Gabriel: I was a bit surprised at the content marketing because that is a place where we were able to tell the story a little more. All I can gather is that people just don’t, even though there’s views on it, they may not have read the article very well.

Rocketship: Okay. Yeah, that happens. When you’re setting the goal for a new channel, how do you go about setting that in the right way? If you’re too ambitious with it, then it doesn’t matter how well the experiment does, it’ll be a failure. The same goes the other way. How do you go about setting a goal when you aren’t having any experience with the channel before?

Gabriel: Yeah. To me it’s two separate questions. This goes back to these one non-intuitive pieces that I love to talk about. There’s the traction goal overall. That should be a goal really based on your business in terms of some kind of inflection point, like we mentioned earlier. The goal for testing channels really should be to put some numbers on those 3 questions. How many customers can I get, how much do they cost, are they the right customers. We really advise doing small tests for that. We added something in the book this time that says, we think if you’re going over a month or going over $1000, especially when starting out, you’re probably doing something wrong. You should be able to execute a cheap and quick test like that to get some rough numbers on those numbers. Then you can use those numbers to evaluate whether you think you could reach the big traction goal with that channel. Only double down if you think it’s possible. The mistake that people make is they really try to prematurely optimize those channel tests. They run 40 Facebook ads instead of 4. That’s more of a full time job, and that also makes it so you can’t really test 3 in parallel.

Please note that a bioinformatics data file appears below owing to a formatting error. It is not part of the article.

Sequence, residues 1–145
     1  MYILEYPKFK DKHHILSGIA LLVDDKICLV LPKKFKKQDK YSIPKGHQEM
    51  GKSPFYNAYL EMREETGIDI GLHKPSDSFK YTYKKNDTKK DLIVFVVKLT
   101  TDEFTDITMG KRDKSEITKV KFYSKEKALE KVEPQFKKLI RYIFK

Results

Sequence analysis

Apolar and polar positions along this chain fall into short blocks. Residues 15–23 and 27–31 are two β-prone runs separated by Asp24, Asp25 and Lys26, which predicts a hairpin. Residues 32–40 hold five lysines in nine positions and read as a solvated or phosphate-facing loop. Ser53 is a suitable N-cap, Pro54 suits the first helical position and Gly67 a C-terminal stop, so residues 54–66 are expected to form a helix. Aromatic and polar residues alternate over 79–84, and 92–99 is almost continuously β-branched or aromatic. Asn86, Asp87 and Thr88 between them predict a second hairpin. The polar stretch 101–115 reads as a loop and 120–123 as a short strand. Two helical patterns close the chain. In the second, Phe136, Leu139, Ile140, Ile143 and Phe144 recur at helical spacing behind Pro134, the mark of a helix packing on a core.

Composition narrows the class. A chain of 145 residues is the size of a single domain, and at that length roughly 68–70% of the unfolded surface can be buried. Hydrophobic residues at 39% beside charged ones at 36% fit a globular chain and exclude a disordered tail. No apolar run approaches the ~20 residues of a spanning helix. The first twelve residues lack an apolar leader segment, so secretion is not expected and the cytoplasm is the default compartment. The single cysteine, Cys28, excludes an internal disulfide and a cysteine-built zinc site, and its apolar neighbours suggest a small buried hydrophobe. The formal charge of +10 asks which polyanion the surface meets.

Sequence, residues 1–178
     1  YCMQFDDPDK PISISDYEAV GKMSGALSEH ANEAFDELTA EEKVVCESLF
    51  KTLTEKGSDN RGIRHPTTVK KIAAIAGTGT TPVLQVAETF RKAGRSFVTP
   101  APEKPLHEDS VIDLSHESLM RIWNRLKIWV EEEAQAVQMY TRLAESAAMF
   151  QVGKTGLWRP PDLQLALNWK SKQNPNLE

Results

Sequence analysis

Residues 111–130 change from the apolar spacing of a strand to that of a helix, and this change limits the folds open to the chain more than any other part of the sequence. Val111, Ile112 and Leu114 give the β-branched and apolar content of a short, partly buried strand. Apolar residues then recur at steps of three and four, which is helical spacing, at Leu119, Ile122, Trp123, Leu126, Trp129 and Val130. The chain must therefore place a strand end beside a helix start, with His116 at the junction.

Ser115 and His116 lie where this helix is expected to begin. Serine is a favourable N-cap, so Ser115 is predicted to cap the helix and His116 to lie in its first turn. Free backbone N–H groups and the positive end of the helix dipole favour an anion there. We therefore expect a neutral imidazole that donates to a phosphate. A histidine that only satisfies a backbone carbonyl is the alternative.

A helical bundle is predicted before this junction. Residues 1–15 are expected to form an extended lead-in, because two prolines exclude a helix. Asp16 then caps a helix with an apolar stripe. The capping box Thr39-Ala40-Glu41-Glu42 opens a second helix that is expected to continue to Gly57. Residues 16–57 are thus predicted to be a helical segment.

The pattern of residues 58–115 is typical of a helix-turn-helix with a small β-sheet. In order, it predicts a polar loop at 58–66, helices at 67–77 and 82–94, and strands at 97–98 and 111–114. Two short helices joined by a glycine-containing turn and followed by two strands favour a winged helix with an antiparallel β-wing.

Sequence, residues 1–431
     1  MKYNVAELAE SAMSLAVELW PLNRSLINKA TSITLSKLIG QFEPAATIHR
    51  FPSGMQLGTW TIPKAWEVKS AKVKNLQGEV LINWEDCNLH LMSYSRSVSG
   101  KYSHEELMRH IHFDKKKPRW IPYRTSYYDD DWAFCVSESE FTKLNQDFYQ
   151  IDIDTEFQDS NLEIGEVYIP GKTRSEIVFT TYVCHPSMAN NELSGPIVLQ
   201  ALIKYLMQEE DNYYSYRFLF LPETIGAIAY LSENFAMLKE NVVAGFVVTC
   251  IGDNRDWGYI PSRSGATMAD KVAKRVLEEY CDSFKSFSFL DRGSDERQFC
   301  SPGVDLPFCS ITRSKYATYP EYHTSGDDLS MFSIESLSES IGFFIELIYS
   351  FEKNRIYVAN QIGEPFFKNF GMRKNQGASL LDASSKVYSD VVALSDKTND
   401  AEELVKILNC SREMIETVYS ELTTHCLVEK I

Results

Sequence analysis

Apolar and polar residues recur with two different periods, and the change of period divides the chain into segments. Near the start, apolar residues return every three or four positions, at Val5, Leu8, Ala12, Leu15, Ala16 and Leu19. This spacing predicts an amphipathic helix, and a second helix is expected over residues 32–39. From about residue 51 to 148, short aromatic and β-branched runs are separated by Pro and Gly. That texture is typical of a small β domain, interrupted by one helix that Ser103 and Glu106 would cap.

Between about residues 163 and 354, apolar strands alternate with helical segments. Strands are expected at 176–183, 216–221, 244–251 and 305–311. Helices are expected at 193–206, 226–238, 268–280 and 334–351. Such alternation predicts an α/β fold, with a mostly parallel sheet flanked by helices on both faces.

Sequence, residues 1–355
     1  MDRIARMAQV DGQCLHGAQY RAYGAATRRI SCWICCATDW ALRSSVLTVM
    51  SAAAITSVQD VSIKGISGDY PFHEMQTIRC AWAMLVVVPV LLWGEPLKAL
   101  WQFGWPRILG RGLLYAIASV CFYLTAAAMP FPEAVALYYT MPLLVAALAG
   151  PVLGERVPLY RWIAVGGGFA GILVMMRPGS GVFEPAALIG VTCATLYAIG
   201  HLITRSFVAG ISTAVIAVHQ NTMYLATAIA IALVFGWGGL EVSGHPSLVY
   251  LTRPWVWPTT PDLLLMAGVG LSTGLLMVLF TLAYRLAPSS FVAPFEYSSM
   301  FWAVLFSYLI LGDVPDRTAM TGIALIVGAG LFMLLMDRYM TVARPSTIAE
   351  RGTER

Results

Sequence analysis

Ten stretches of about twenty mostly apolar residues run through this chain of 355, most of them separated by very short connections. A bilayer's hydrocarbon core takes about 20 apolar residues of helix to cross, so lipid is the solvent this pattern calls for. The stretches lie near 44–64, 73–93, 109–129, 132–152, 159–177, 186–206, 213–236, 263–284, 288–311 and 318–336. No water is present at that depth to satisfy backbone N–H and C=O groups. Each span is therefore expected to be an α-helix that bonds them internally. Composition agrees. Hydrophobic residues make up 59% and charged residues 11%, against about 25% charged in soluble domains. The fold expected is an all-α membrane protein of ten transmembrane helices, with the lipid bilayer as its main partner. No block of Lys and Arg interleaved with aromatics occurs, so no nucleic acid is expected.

Rocketship: That makes a lot of sense. You’re going to chain yourself down before you even get started.

Gabriel: Exactly. To follow up on that, the things people were getting wrong in the final step which is once you got something working, you really should do that double down and focus. People were not ditching the other tests that were mildly successful. Say you ran Facebook ads and you went to speak somewhere and you also tried to get some PR. All of them were kind of successful, but the Facebook ads were much clearer that they would have ROI to get your to your big goal. What we saw a lot of people doing was, okay, scale up the Facebook things but still do some PR and still do the other one, I already just forgot what I said, but still do the other channel. That’s a problem because the time you spend on the Facebook ads is a much higher rewarding time then the time you spent on these other two channels that only kind of worked. When you’re really focusing, you’re trying to uncover these underutilized strategies within that channel that you focus. The only way to do that is to really focus. Any time you spend away from it is time you’re not using to get effective strategies.